Sima Yi travelled to the capital Luoyang to meet the Wei emperor Cao Rui, who consulted him on how to counter invasions from Eastern Wu, and then ordered him to return to the garrison at Wan.[18]

In fictionEdit

The rebellion was mentioned in chapter 94 of the historical novel Romance of the Three Kingdoms by Luo Guanzhong, in which some fictitious elements were introduced for dramatic effect.

The novel's accountEdit

Meng Da invited Shen Yi (申儀), the Administrator of Jincheng (金城), and Shen Dan (申耽), the Administrator of Shangyong (上庸), to join him in the rebellion. Shen Yi and Shen Dan pretended to agree as they were secretly planning to help the Wei army when it arrived to suppress the revolt. They lied to Meng Da that the preparations were insufficient, and Meng believed them.

Sima Yi's messenger Liang Ji (梁畿) arrived at Xincheng and lied to Meng Da that Sima had led an army towards Chang'an to deal with an invasion by Shu Han. Meng Da was pleased and he threw a feast for Liang Ji and then saw Liang out of the city. He then gave orders to Shen Yi and Shen Dan to rebel on the following day. However, just then, he received reports that an army had arrived outside the city. Meng Da rushed to the city wall and saw that the army was commanded by Xu Huang, a veteran Wei general. Xu Huang called for Meng Da to surrender, but Meng fired an arrow which hit Xu in the forehead. Meng Da's archers then rained arrows on Xu Huang's men, forcing them to retreat. Xu Huang died from his arrow wound that night at the age of 59 (by East Asian age reckoning) and his body was placed in a coffin and sent to Luoyang for burial.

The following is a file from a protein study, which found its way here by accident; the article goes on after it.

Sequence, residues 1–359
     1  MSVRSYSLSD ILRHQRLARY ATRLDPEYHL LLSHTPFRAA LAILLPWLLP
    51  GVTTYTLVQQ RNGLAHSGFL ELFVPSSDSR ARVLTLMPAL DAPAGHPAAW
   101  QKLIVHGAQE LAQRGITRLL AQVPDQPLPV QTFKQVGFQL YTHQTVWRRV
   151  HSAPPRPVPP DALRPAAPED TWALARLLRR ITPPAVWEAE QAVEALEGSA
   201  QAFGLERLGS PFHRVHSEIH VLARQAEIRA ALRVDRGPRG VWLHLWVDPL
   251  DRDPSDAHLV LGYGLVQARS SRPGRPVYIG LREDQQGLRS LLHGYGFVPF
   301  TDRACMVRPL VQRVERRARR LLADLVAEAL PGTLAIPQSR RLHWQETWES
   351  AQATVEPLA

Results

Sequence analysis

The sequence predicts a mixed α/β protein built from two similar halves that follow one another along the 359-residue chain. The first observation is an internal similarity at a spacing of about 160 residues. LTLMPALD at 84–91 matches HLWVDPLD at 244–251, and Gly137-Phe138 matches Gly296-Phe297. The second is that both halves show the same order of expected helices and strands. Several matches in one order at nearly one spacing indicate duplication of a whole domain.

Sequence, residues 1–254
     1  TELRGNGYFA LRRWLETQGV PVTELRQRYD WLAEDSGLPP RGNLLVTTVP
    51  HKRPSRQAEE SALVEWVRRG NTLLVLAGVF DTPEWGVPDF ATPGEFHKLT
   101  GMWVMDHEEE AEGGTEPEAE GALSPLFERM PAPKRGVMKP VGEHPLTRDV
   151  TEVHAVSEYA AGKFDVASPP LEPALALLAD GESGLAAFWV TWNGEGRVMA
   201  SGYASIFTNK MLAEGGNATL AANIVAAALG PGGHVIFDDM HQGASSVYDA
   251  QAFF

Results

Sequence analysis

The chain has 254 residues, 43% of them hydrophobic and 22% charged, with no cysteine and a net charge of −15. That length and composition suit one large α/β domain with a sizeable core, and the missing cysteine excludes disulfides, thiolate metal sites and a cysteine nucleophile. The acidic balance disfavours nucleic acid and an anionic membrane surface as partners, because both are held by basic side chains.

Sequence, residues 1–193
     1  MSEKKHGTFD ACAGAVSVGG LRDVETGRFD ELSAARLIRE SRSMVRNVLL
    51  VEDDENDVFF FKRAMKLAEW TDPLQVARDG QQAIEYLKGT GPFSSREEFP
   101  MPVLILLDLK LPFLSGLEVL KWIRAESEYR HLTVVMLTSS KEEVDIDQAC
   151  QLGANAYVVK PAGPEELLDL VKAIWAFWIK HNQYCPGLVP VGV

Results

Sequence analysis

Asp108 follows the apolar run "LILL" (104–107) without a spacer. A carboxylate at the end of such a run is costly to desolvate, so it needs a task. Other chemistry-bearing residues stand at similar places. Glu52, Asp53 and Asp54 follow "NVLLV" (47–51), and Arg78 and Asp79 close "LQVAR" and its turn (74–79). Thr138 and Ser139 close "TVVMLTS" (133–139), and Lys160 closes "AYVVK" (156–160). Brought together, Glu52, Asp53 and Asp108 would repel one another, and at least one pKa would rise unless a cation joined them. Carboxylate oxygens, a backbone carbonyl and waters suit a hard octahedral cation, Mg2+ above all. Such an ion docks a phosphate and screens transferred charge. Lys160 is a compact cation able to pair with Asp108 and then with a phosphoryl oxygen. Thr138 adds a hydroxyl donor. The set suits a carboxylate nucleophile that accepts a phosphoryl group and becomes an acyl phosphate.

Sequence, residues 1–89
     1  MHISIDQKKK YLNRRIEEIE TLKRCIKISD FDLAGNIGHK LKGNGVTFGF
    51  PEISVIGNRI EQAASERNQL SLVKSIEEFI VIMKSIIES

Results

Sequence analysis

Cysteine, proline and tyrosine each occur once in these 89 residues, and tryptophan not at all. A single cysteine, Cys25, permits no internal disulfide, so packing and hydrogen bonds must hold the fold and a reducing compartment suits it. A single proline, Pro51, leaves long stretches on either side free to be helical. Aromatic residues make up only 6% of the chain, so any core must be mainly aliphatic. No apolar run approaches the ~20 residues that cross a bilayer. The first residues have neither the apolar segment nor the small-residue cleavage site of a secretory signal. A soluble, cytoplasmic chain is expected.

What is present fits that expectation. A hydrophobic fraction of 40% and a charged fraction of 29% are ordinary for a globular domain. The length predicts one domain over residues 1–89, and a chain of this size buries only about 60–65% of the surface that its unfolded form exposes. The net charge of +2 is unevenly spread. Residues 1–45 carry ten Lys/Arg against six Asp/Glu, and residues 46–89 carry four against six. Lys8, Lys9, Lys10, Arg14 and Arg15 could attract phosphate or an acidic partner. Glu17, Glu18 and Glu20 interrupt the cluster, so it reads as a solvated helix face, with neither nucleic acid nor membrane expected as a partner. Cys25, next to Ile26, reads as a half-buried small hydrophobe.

By then, Sima Yi's main army had showed up outside Xincheng and completely surrounded the city. The following day, Meng Da saw Shen Yi and Shen Dan's forces arriving and he thought that they had come to help him. He opened the gates and led his men out to attack Sima Yi, but Shen Yi and Shen Dan shouted at him, "You rebel, don't try to escape! Quickly accept your death!" Meng Da sensed trouble and attempted to retreat back into the city, but his subordinates Li Fu (李輔) and Deng Xian (鄧賢) had betrayed him and denied him entry. Shen Dan approached the exhausted Meng Da and killed him, and Meng's men surrendered.

Sima Yi entered Xincheng and restored peace and order to the city. He reported his victory to the Wei emperor Cao Rui, who asked for Meng Da's head to be sent to Luoyang. Shen Yi and Shen Dan were promoted and ordered to accompany Sima Yi to deal with the Shu invasion, while Li Fu and Deng Xian were tasked with guarding Xincheng and Shangyong.[19]

HistoricityEdit

Historically, Shen Yi (申儀) and Shen Dan (申耽) were not involved in the rebellion. There is also no evidence that Xu Huang participated in suppressing the revolt. His biography in Records of the Three Kingdoms did not provide much details on his death. It simply stated that he died in the first year of the Taihe era (227-233) in the reign of Cao Rui.[20]

Modern referencesEdit

The rebellion is featured as a playable stage in the Koei video game Dynasty Warriors 5: Xtreme Legends, in which it is known as the "Battle of Xin Castle". The player can only play on the Wei side as Cao Pi, Sima Yi or Xu Huang, and must defeat Meng Da to win the stage. If the player is fast enough, the stage can be completed before Shu reinforcements arrive to help Meng Da.